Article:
Looking down from a similarly elevated position, the World economy has become a dissipative-landfill system, using energy-profligate processes to transform raw materials into products which, for the most part, are rapidly abandoned to landfill or other methods of disposal. This is in stark contrast to the craft model which prevailed before the Industrial Age, when the balance between energy-derived inputs and human skills was very different, and in which the quality of goods, and certainly their durability, was rated a lot more highly than it is today.
Three hundred years ago, people were far likelier to maintain, repair and reuse artefacts than they are now. These are skills that we’re going to need to re-learn.
Properly understood as an energy system, the economy has reached the end-point of a phase in which material prosperity has expanded massively because of the abundant availability of cheap energy from oil, gas and coal.
One of the factors which is bringing this long chapter to an end is the dawning recognition that the environment can no longer tolerate the further expansion, or even the continuity, of a system based on the profligate use of fossil fuels.
The other factor, as yet largely unrecognized, is that oil, gas and coal have ceased to be ‘cheap’ in the only meaningful sense, which is the Energy Cost of Energy (ECoE). After all, abundance of energy supply would be completely meaningless if we were ever to find ourselves using 101 units of energy to access 100 units.
Where supply systems are concerned, the fundamental issue at stake is the changing relationship between exogenous energy inputs and the human contribution.
This human contribution has always had two components. In past times, human physical labour, sustained by farming and augmented by the use of wind, water and animals, supplied the bulk of the energy used by the economy.
But the second (and arguably the more important) human function has always been the direction and application of energy, however that energy is sourced. In pre-industrial times, skills known as crafts played a very important role in a context of resource and energy scarcity.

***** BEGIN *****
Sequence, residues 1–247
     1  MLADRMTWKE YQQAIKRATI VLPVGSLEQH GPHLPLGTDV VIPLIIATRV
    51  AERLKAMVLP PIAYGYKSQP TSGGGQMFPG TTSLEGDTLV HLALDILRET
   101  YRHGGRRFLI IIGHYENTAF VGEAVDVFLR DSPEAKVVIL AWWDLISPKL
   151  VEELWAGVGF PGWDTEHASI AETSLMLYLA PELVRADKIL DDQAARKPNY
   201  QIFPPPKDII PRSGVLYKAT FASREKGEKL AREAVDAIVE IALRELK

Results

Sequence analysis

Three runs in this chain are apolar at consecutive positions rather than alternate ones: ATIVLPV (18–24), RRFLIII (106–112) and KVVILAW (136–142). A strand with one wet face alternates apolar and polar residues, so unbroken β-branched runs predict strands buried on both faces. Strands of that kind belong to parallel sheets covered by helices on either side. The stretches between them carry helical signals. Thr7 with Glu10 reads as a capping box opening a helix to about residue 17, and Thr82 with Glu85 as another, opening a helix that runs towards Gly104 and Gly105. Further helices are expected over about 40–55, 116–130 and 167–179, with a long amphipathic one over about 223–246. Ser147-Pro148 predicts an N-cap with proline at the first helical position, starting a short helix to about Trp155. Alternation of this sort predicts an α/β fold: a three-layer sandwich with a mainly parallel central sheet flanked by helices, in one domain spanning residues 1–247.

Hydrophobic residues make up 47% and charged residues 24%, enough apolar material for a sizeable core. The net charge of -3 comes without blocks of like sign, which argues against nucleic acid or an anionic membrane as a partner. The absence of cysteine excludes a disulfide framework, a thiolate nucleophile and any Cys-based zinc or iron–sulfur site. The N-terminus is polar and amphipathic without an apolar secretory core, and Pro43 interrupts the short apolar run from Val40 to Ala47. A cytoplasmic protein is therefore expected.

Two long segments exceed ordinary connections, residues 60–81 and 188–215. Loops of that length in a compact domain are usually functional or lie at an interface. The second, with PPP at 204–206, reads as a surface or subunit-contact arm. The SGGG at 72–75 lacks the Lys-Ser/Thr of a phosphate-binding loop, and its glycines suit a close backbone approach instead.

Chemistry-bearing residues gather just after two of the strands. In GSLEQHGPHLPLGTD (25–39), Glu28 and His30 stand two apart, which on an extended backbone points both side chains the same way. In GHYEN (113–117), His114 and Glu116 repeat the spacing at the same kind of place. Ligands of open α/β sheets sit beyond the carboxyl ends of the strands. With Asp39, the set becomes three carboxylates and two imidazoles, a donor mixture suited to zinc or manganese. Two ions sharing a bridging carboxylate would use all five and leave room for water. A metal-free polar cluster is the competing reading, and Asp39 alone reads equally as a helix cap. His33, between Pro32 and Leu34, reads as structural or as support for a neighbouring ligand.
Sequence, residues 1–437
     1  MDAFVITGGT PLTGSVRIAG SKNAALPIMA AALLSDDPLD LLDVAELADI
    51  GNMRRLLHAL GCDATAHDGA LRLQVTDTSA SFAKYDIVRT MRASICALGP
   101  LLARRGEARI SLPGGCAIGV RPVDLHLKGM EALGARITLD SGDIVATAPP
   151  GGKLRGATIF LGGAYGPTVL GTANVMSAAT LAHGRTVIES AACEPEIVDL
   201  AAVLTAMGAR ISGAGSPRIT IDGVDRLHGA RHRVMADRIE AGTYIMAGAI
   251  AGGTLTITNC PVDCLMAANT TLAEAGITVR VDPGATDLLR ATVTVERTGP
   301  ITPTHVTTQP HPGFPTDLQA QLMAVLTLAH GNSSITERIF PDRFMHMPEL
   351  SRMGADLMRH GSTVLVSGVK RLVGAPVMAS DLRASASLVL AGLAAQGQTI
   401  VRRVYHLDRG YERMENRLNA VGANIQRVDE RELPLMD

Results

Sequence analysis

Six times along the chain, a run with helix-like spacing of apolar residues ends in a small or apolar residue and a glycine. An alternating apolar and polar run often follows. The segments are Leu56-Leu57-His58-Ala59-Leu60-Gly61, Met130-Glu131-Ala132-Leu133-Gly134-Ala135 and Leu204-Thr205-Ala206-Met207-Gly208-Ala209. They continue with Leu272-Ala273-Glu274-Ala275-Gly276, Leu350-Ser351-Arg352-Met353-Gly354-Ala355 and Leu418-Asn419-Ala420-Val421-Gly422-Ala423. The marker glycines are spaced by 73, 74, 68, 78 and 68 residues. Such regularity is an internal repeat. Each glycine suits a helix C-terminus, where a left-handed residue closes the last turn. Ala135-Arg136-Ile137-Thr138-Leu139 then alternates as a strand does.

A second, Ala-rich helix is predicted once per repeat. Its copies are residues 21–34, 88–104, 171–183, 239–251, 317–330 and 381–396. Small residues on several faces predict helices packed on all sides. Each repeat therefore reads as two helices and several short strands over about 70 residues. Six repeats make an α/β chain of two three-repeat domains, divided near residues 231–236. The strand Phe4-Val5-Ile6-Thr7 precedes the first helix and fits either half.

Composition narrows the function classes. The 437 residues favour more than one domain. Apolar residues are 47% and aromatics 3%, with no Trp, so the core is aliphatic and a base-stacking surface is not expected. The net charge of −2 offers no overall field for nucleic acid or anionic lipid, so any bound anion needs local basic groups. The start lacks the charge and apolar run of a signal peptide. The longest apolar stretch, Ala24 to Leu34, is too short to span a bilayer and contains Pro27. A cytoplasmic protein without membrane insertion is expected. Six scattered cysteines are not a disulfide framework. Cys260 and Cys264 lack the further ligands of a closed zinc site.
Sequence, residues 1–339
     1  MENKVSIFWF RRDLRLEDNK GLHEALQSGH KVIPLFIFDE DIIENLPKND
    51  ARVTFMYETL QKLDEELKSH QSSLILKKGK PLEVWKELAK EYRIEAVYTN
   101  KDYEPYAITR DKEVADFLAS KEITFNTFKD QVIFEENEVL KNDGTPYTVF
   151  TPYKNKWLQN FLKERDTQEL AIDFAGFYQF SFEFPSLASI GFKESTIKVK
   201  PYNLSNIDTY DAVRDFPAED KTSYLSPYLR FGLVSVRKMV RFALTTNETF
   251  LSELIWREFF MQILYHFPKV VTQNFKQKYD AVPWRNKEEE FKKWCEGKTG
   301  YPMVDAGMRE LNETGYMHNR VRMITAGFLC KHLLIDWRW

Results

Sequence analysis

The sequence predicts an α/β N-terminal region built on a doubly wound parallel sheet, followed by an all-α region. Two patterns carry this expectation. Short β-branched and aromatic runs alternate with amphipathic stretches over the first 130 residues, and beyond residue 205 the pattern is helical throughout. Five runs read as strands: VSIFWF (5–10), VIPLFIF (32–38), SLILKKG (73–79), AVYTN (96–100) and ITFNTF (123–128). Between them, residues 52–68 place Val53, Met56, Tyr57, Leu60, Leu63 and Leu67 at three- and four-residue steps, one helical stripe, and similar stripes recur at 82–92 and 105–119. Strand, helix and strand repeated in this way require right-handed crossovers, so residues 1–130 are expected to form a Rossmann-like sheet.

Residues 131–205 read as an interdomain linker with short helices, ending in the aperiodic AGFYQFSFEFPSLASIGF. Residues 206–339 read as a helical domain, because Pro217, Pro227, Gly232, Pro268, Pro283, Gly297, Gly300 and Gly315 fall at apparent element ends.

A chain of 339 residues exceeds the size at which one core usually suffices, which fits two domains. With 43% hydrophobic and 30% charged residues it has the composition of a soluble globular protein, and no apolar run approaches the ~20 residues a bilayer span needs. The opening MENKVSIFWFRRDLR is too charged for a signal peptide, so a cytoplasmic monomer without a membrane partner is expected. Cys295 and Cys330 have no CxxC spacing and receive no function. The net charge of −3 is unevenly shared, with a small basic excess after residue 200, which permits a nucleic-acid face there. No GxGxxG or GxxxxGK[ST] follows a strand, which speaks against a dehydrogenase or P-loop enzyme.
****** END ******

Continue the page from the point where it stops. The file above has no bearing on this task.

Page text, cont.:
As the balance tilts away from energy profligacy, we should anticipate a greater reliance, not just on human labour itself, but even more on the application of craft, a term which needs to be understood as a combination of design and skill.
The importance of ‘craft’ is simply stated. Starting with the same materials, and expending the same amount of labour, one person might produce an artefact of quality and durability, whilst the efforts of another might result in failure. The difference between the two is the meaning of ‘craft’ as the word is used here.
This tilting balance does not imply a return to some halcyon rustic age of craftsmanship, let alone to a bucolic existence which looks far better to nostalgic hindsight than ever it felt to the vast majority at the time. Rather, it suggests profound changes along lines which this article aims to explore.
Properly understood, we can anticipate some, at least, of the economic processes involved, and this should give us a reasonable level of visibility on what the post-dissipative economy is going to look like.